Newswise — In the final episode of the first season of the monumental television drama “Mad Men,” Don Draper, the enigmatic genius, libertine creative director of fictional New York advertising firm Sterling Cooper, stands in front of a dark conference room and debuts a take on how a potential client, Kodak, should market their new invention: a photographic slide projector.

Kodak is intent on calling their device the Wheel — playing ironically on the world’s oldest technology reborn for the Space Age. But as Draper (played by the classically chiseled actor Jon Hamm) stands in to pitch, he shows the entire room the projector’s capability is not to rush us headlong into the ever-pressing future, but to cast us back into the gossamer past, to salve our nostalgia which, as Draper explains, is an Ancient Greek word denoting pain from an old wound.

“It’s not called the Wheel,” the ad man intones as many in the room go dewy-eyed over snapshots of Draper’s ostensibly quaint, All-American life and family. “It’s called the Carousel.”

There are any number of similar meta moments in “Mad Men,” which will begin airing the last half of its final season Sunday on AMC. But Draper’s disquisition on The Carousel — aiming precisely at all those outlandish trappings of the 1960s the show describes — seems to be the one best suited as a commentary for the show and its position as a cultural phenomenon of the early 21st century.

“What ‘Mad Men reflects is this Golden Age of Advertising steeped in the counter-cultural revolution of the 1960s,” said Jeffrey Maciejewski, Ph.D., an associate professor of advertising at Creighton University who has studied widely in the advertising heyday of the “Mad Men” era. “Advertising is a great way to tell the story in the show, because what we see happen in ‘Mad Men’ is a growing appreciation for the work of creative people. What really gave birth to this new era in the world and in advertising was the recognition that creative people now held the power.”

Maciejewski sees in the show manifold forces at work, not the least of which is the advertising. “Mad Men” delves into the old protest of “advertising doesn’t work on me” and, in true Don Draper fashion, thoroughly debunks it. The show has portrayed the groundbreaking Volkswagen campaign of Doyle Dane Bernbach, the heyday of cigarette and alcohol advertising and the power of television and radio political attack ads, all within a densely-woven fabric of narrative — another advertising innovation of the 1960s.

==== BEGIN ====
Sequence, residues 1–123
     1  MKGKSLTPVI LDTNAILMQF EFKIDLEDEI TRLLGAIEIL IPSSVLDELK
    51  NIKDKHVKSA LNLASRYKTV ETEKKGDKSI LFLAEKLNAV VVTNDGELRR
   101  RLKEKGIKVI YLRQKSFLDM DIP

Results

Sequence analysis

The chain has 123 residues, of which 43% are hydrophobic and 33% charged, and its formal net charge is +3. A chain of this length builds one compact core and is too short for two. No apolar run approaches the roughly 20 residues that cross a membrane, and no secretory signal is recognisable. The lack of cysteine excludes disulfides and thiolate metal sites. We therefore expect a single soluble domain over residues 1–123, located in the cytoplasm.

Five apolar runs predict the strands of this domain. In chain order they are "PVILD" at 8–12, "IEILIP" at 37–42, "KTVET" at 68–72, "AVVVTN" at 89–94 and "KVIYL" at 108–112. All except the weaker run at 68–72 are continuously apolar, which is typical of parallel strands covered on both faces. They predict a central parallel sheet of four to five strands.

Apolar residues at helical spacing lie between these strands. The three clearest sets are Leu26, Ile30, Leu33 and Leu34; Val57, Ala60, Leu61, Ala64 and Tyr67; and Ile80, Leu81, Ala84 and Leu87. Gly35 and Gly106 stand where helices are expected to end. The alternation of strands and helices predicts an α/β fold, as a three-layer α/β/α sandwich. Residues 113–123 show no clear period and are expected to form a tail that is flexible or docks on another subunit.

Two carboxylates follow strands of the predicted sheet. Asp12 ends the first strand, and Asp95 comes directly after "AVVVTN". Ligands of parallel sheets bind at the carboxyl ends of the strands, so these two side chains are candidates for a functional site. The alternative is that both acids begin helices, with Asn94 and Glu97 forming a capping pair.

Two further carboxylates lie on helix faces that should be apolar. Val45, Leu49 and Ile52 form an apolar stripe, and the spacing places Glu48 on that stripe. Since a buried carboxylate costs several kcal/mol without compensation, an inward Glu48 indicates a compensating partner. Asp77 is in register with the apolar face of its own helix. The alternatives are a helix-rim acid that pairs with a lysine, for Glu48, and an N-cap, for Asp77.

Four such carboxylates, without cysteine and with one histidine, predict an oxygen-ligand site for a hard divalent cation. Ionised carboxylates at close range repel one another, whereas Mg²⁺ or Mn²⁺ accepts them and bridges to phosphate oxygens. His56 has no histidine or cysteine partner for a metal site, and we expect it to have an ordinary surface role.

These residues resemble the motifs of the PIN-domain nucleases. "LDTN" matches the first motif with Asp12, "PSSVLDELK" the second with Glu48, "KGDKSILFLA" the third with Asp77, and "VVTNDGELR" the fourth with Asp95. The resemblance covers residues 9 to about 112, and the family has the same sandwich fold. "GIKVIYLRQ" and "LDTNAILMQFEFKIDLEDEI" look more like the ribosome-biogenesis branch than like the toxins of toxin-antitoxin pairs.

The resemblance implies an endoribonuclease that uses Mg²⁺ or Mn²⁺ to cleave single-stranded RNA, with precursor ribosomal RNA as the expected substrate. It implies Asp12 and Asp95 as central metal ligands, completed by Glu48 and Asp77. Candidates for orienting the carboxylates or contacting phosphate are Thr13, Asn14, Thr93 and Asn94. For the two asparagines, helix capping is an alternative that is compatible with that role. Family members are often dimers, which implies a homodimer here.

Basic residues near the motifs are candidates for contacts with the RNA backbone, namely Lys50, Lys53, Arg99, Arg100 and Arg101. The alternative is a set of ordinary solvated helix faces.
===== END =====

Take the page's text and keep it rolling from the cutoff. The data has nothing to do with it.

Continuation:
“I’ve come to believe we’re beings that persuade and beings who need to be persuaded,” said Maciejewski, channeling his own inner Draper. “It’s a fundamental human need. Without persuasion, we’d never do anything. To say we’re not persuaded is to deny a fundamental human need. And how are we persuaded? We love stories, we love narrative. Advertising learned how to do that and do it extremely well in the 60s.”

The ad world of the 1960s, he said, was a time when the creatives at an agency were beginning to steadily take the artistic reins from the poets and painters and put their powers to use selling not so much stuff, but an image, a way of life, the life itself.

While Maciejewski admits he doesn’t catch every episode of “Mad Men,” he’s planning to tune in as the series winds up its eight-year run and see how the writers will represent the state of advertising at the dawn of the 1970s.

“That’s a question for us today, too,” he said. “Where is advertising going to go from here? What is advertising’s connection to life? In Draper’s day, it was a leap of faith that the client took that the creative department knew what they were doing. And back in the ‘Mad Men’ days, it was still pretty measurable. VW started selling a whole ton of cars taking one big leap of faith. Do we still have that today? I think there are still leaps of faith. With all this technology and social media, I think it’s harder to keep an audience engaged and have that translate into sales.”

And after the advertising, Maciejewski said he also enjoys the carouseling nostalgia of “Mad Men.” Unpacking an era in which American life transitioned into the world and culture we inhabit today, “Mad Men” has contended with everything from fashion to alcoholism to sexism to Civil Rights, usually yoked to that base human need to persuade or be persuaded.

“It’s definitely great drama they’ve infused into a story about advertising,” he said. “I knew right from the get-go it was going to be a hit. What is there not like? Advertising was a very sexy business to be in. Who wouldn’t want to get paid a lot of money to do some pretty cool stuff?”